PLAY DAY WILL BE POSTPONED UNTIL NOVEMBER DUE TO BUILDING REPAIR.
REVISED DATE TO FOLLOW>>>>>>>>>>>>
Cafe Slow: 〒185-0022 Tokyo, Kokubunji, 東元町２丁目２０
The cafe will be closed that day, so please bring your obento!
We had light rain just after our event was set up for The Global Cardboard Challenge on Friday. Sadly, most of the kids we anticipated didn’t show up. We didn’t lose heart though, and a few brave souls trickled in after the weather cleared to inhabit the cardboard dwellings that were created. As always, it was great fun and I couldn’t have done it without my husband’s help, or the wonderful folks that run the play park adventure playground.
I had such a great time this year getting to know the folks at The Imagination Foundation, as well as other Cardboard Challenge organizers from around the world. This year there were more than 43 countries represented and 100,000 kids at the Global Cardboard Play Day. If you’ve ever thought about planning an event for your community next year, be sure to visit Caine’s Arcade to find out more. You can be part of this amazing and inspiring cardboard movement!
This Friday the adventure playground Play Park will be hosting us for a “Cardboard Play Day” to celebrate the Global Cardboard Challenge. We’re praying for sun, since a rain day will mean re-scheduling, but either way preparations are in the works for an amazing day.
Play Park is part of an incredible, volunteer supported NGO (NPO) called Asobiba that operates a variety of permanent and temporary adventure playgrounds throughout Tokyo. I’m so excited to work with them and hope to bring cardboard play into their adventure play repertoire in the future!
If you’re free, and you’re in Tokyo, please join us!
Location: Musashino Park’s Whale Mountain
October 4, 2013
2013年 10月 4日
12pm-5pm 午前12時 – 午後5時
Rainy Day = canceled
雨降りの日 = 取消
The Global Cardboard Challenge is here again! Will you be joining THE WORLD on October 5th, 2014 to either play or host an event?
For everything Caine’s Arcade and The Global Day of Play, please be sure to check out The Imagination Foundation’s excellent website and resources.
I’m also excited to be planning my own event in collaboration with a local adventure playground here in Tokyo! More information to come, but until then I want to share some of my insights from hosting 5+ events last year…….
*10 Tips for Cardboard Play Day*
1. It’s all about the cardboard!
2. Don’t let cardboard get unruly.
3. Give them tool boxes.
4. Provide a secure area for kids to keep their stuff (i.e. coat check).
5. Keep the organizer free.
6. Provide a theme/give permission
7. Give kids real tools.
8. Use reusable fasteners.
9. Have an exit strategy.
10. Get feedback.
There are so many adorable ideas for cardboard cameras on the internet, but this one comes from the first post I ever published on The Cardboard Collective about cardboard beads. When I got my new camera, I had the paper camera brochure left over, and glued it to some cardboard. We strung it with some cardboard beads on paper twine to make one of the more popular items in the girl’s jewelery box.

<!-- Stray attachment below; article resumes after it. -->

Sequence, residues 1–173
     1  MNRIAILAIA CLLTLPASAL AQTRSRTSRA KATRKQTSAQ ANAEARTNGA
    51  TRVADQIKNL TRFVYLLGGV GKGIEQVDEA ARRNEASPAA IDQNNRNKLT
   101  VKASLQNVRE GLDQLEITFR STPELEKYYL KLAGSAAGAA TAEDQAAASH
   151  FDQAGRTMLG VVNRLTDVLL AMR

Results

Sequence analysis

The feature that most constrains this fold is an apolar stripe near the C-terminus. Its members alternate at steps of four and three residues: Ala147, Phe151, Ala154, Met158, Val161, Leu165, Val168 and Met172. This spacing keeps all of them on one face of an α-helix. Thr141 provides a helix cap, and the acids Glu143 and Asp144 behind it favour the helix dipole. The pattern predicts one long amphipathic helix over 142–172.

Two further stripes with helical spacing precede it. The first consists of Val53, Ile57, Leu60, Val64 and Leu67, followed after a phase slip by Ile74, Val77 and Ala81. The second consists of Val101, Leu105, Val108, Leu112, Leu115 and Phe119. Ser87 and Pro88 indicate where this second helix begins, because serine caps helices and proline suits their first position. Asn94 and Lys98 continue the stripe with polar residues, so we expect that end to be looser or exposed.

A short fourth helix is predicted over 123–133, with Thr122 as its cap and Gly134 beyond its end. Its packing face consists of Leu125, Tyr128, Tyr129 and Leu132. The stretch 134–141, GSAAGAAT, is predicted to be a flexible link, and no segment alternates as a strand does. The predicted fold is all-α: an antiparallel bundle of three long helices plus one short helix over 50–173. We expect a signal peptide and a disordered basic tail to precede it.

Recently I joined up with about 15 other mothers from my daughter’s yochien (Japanese preschool) and we made cardboard camera necklaces for all the kids at her school. The cameras were a prize from our fishing booth at the summer festival.
It was SO fun to see the kids snapping photos of each other. Since most of the parents were also walking around with their cameras slung around their necks, there was the slight excited air of a press conference announcing the magic of summer; more kiddie pools and popsicles to come….
Some of the kids know I helped make the cardboard cameras, so it was cute when they pretended to take my picture. A sweet way of trying to communicate and be playful with me. Of course I love kids AND cardboard, so I was pretty smitten the entire day.
All I can say, is it’s a great feeling to start with an idea, work with it for more than 6 months, and get to this place.
A set of sculptural stacking boxes (the base of one box fits the top of another) that double as a nightstand, stool, ottoman or table and stool set for children. You can leave them plain, or decoupage them with decorative paper.
What do you do with them?
Put your favorite stuff inside. Yarn, yo-yos, matchbox cars and trucks, Legos, rubber stamps, fancy hats, scarves, alphabet magnets, musical instruments, play-dough, cookie cutters, wooden blocks…
I don’t exactly understand the magic, but my kids love cleaning up with the Totem Boxes. They make sorting the toys like another way to play. You can easily move the boxes to where the mess is because they are modular, and then stack them up as you go. They look good sitting in the corner of your room, if you do nothing else. To me, they are functional sculpture.